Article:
Chicago native Petito found what he wanted in west Omaha
Career record: 303-142
Playoff appearances: 24
State titles: 5 (A, 2003; A, ’05; A, ’12; A, ’15)
State runner-up: 3 (A, 2002; A, ’04; A, ’07)
Going into his 35th season as Millard North’s head football coach, it would seem like that this is the only job Fred Petito ever wanted in his career.
Coming out of Mount Carmel High School on the south side of Chicago in 1970, Petito thought he was going to be a Chicago cop.
Then Petito was recruited to play football at Hastings College, and that was the start of a journey that would eventually make him one of the most successful high school football coaches in state history.
He spent two years as an assistant football coach at Hastings St. Cecilia, then three years in Bowling Green, Kentucky, as an assistant before moving to Omaha to work at Omaha Cathedral in 1979 and ’80.
One of his former teammates at Hastings College, Scott Koch, was already in administration in the Millard School System and suggested looking into jobs there, especially with a new high school scheduled to open.
Petito obviously has found a home.
“I guess I decided this was a good place, west Omaha,” Petito said. “I had some opportunities to move, I almost took a job in Victoria, Texas, in 1989 or 90, but I said, ‘No.’ The competition is extremely good around here, the young people are invested in the program. I wanted to see what we could do.”
What the Mustangs have done is qualify for the playoffs 22 of the last 23 years, win five Class A state titles and take runner-up three more times. They’ve been the most consistent Class A program in the state during that stretch with teams that play physical up front on both sides of the ball in a quarterback-based option attack that has been difficult for opponents to stop.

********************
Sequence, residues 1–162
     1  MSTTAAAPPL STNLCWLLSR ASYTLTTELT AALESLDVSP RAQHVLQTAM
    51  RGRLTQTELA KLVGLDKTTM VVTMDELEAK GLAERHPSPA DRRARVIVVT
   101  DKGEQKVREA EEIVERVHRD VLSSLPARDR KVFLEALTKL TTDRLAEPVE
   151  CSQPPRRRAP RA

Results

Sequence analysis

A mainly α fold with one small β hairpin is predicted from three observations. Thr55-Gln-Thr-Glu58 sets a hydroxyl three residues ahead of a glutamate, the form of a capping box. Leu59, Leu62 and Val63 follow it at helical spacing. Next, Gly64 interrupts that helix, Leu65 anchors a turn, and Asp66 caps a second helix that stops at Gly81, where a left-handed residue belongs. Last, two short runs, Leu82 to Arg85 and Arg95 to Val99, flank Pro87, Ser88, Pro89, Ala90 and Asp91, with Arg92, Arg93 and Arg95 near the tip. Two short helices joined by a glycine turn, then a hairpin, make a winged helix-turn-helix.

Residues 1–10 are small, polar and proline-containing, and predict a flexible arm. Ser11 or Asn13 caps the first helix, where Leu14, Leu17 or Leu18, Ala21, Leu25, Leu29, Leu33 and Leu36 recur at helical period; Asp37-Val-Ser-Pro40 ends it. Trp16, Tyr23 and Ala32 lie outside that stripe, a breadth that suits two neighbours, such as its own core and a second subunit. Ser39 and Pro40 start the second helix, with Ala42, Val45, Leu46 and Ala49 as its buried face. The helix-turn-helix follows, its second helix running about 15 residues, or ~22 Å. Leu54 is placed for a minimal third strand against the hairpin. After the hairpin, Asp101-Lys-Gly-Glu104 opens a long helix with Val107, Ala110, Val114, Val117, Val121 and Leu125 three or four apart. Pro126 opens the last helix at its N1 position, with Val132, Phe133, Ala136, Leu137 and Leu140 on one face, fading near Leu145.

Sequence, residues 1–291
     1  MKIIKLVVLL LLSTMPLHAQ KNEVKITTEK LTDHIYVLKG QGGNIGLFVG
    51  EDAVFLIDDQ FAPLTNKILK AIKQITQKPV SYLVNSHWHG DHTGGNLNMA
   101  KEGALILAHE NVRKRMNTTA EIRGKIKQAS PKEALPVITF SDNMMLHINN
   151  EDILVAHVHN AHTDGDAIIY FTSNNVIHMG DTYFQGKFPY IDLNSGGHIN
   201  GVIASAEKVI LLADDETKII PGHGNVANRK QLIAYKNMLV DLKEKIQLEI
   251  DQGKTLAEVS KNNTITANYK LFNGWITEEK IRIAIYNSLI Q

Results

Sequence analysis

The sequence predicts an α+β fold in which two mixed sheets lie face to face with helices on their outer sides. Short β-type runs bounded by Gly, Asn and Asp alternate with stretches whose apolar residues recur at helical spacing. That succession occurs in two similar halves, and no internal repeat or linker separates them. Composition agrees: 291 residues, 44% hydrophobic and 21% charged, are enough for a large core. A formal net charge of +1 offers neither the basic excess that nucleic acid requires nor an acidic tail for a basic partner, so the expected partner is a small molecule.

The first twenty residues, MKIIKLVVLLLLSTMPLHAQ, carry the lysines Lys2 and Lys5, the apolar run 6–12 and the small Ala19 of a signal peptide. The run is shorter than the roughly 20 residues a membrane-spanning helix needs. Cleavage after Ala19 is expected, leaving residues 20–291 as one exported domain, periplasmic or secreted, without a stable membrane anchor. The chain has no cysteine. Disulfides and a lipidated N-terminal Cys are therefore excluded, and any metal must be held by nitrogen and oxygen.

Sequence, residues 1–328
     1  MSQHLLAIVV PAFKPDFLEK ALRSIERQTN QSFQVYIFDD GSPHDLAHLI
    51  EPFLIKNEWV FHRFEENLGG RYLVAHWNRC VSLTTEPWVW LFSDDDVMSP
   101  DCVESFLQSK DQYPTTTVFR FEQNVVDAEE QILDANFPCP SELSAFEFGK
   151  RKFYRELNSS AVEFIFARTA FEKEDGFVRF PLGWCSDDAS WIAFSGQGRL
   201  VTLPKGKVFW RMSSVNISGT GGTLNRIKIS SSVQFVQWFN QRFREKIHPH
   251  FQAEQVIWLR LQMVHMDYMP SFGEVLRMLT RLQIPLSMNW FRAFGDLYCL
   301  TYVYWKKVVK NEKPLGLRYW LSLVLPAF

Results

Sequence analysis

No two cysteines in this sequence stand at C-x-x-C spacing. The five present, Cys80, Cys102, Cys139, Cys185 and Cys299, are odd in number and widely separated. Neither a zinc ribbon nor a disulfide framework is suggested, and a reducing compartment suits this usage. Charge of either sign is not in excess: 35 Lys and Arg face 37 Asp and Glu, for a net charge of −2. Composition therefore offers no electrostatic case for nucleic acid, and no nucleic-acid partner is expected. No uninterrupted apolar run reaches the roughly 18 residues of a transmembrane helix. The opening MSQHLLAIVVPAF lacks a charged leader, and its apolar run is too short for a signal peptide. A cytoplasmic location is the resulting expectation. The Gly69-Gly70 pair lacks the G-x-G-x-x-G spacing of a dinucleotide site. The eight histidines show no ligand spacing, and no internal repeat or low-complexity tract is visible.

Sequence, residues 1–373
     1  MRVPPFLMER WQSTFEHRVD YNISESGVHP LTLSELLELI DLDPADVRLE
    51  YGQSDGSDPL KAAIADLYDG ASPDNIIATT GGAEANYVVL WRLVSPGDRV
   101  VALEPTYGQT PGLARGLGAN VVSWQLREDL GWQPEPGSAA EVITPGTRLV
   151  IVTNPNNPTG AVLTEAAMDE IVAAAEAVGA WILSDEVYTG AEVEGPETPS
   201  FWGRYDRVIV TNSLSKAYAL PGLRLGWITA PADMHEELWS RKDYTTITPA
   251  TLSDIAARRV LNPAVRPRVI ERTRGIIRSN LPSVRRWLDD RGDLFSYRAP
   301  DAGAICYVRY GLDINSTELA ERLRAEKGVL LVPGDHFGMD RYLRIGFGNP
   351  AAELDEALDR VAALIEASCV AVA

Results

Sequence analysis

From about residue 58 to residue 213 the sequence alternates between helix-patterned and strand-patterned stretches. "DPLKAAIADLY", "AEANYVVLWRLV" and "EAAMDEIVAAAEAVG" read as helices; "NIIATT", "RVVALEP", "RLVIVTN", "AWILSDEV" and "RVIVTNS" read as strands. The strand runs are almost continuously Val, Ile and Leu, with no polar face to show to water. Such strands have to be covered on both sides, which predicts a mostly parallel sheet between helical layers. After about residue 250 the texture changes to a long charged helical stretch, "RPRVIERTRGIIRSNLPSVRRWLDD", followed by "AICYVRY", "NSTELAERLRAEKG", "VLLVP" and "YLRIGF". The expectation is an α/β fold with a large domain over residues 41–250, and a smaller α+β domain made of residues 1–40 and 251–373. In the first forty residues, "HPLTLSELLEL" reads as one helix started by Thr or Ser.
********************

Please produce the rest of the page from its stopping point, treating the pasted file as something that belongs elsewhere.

“We’re going to get on the balls our feet and we’re going to attack you,” Petito said. “We’ll get into sets that will spread the field and then let the quarterback make reads at the line of scrimmage. Our quarterback has to be a pretty good guy. He gets you out of dead plays and he gets you where you need to be. He has to be a threat.”
One of the products of that option game was Eric Crouch, the 2001 Heisman Trophy winning quarterback from Nebraska.
“That was quite a trip coaching him,” Petito said about coaching Crouch in the mid-90s. He also had Seth Olsen, a former All-American offensive lineman at Iowa who played four seasons in the NFL.
“When Eric got to Nebraska, we altered our coaches’ meetings on Saturday so we could watch him,” he added.
At 66, Petito still runs 2½ to 4 miles per day and has not cut his schedule back at all as a physical education teacher at the school.
“I still enjoy being around the kids and working with them,” Petito said. “We started 10 sophomores last year, so I’m excited to see what that group can do now as juniors this season. They play with grit and they’ve grown up. They’ve always played hard, but now with some experience, they’re also playing smart.”